This is such a wonderful piece of historical fiction that Sourcebooks Landmark publishers picked it up after twenty years and decided to republish it. And I am so glad that they did, because this is a story that needs to be told, but hasn't been. Based on a true story, Jane Maxwell is an infectiously delightful young lady who soon grows up to be a rival the Georgiana the Duchess of Devonshire. But how she got that way is the charm of the story. Set against the backdrop of Scotland, Ciji Ware brings Jane Maxwell to life in this endearing tale of love, passion and betrayal.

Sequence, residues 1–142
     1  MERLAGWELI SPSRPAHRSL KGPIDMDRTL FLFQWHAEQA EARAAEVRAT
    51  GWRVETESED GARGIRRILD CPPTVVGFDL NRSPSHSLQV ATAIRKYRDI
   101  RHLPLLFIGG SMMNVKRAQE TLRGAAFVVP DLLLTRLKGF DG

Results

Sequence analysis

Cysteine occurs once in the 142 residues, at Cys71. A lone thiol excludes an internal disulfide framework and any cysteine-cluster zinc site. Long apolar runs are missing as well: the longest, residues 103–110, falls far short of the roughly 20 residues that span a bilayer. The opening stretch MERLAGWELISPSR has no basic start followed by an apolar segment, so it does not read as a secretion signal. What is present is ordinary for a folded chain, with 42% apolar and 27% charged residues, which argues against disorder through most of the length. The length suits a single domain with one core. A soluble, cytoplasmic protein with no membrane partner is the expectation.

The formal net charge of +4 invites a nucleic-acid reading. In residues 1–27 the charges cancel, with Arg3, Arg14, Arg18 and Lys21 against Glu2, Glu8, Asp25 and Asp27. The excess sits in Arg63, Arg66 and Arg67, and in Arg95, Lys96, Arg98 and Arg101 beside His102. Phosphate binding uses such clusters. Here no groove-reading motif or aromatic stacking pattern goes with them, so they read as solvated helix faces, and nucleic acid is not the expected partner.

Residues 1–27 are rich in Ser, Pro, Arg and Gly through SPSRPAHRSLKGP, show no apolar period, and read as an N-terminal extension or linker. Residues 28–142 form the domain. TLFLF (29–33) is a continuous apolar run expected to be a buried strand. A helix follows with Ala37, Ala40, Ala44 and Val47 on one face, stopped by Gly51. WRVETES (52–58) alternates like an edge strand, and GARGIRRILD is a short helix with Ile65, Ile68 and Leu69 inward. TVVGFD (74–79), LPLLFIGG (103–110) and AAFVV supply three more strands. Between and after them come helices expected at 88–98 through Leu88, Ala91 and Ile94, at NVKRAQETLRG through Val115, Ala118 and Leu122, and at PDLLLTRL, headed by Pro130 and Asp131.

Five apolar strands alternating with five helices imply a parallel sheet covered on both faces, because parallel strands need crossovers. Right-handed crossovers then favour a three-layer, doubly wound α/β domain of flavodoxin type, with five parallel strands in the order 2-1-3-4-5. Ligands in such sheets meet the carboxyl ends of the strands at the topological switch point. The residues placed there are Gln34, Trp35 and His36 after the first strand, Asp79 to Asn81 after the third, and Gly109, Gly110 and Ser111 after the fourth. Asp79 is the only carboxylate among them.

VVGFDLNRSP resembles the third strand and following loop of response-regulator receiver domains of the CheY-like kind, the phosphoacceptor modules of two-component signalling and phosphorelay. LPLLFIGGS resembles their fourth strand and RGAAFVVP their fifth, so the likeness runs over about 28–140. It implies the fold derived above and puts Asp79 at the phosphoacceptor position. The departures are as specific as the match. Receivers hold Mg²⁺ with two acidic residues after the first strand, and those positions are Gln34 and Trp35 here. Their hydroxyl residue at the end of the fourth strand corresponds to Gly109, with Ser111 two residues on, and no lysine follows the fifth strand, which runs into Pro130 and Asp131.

Jane Maxwell has an overbearing mother but enjoys her childhood with her sisters and the neighborhood boy, Thomas Fraser. As they grow up together, Thomas and Jane become more than friends, much to the chagrin of the status-seeking mother of Jane. Thomas leaves Scotland in spite of Jane's pleas to stay or to at least marry her before he leaves, but he is intent on restoring his family name by becoming a good soldier in the States. He leaves Jane behind, and she is heartbroken that his tunnel vision does not include the predicament that he left Jane in. With Thomas Fraser gone for two years, Jane's mother worked furiously to eradicate him from Jane's memory. A battle in the states went so bad with Indians that the soldiers could not distinguish who the bodies belonged to. Thomas was among those assumed dead. When Jane received word of this, she was stricken and paralyzed with grief. This was a superbly written part in the story that had me crying my eyes out, even though the back cover of the book foretold this event within the plot.